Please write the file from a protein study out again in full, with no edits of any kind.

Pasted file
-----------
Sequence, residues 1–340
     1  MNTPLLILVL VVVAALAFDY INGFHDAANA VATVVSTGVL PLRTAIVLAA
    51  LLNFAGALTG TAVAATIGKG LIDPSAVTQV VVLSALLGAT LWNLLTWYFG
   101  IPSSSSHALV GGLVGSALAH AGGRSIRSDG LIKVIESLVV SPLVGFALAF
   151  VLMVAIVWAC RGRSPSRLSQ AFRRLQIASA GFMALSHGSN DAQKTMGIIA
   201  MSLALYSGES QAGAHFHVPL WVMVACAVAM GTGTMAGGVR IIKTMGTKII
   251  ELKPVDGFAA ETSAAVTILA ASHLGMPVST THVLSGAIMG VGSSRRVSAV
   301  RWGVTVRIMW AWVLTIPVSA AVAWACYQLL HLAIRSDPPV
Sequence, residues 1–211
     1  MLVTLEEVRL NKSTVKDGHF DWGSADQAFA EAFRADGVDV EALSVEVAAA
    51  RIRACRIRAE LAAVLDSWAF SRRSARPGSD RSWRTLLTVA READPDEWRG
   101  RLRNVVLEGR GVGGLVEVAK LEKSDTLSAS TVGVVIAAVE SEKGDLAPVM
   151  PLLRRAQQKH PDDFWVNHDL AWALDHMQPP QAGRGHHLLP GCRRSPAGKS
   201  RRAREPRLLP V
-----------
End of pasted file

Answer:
Sequence, residues 1–340
     1  MNTPLLILVL VVVAALAFDY INGFHDAANA VATVVSTGVL PLRTAIVLAA
    51  LLNFAGALTG TAVAATIGKG LIDPSAVTQV VVLSALLGAT LWNLLTWYFG
   101  IPSSSSHALV GGLVGSALAH AGGRSIRSDG LIKVIESLVV SPLVGFALAF
   151  VLMVAIVWAC RGRSPSRLSQ AFRRLQIASA GFMALSHGSN DAQKTMGIIA
   201  MSLALYSGES QAGAHFHVPL WVMVACAVAM GTGTMAGGVR IIKTMGTKII
   251  ELKPVDGFAA ETSAAVTILA ASHLGMPVST THVLSGAIMG VGSSRRVSAV
   301  RWGVTVRIMW AWVLTIPVSA AVAWACYQLL HLAIRSDPPV
Sequence, residues 1–211
     1  MLVTLEEVRL NKSTVKDGHF DWGSADQAFA EAFRADGVDV EALSVEVAAA
    51  RIRACRIRAE LAAVLDSWAF SRRSARPGSD RSWRTLLTVA READPDEWRG
   101  RLRNVVLEGR GVGGLVEVAK LEKSDTLSAS TVGVVIAAVE SEKGDLAPVM
   151  PLLRRAQQKH PDDFWVNHDL AWALDHMQPP QAGRGHHLLP GCRRSPAGKS
   201  RRAREPRLLP V